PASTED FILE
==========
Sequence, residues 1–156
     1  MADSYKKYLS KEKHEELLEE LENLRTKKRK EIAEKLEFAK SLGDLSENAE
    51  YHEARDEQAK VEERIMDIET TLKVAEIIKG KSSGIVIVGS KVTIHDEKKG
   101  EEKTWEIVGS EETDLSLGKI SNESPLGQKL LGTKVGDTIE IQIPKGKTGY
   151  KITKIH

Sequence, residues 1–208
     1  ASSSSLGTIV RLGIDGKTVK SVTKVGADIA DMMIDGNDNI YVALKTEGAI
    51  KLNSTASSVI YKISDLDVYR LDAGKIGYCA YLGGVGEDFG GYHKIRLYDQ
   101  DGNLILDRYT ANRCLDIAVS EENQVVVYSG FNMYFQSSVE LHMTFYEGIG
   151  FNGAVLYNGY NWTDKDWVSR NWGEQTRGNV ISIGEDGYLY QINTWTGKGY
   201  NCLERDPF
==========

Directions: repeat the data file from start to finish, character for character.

Sequence, residues 1–156
     1  MADSYKKYLS KEKHEELLEE LENLRTKKRK EIAEKLEFAK SLGDLSENAE
    51  YHEARDEQAK VEERIMDIET TLKVAEIIKG KSSGIVIVGS KVTIHDEKKG
   101  EEKTWEIVGS EETDLSLGKI SNESPLGQKL LGTKVGDTIE IQIPKGKTGY
   151  KITKIH

Sequence, residues 1–208
     1  ASSSSLGTIV RLGIDGKTVK SVTKVGADIA DMMIDGNDNI YVALKTEGAI
    51  KLNSTASSVI YKISDLDVYR LDAGKIGYCA YLGGVGEDFG GYHKIRLYDQ
   101  DGNLILDRYT ANRCLDIAVS EENQVVVYSG FNMYFQSSVE LHMTFYEGIG
   151  FNGAVLYNGY NWTDKDWVSR NWGEQTRGNV ISIGEDGYLY QINTWTGKGY
   201  NCLERDPF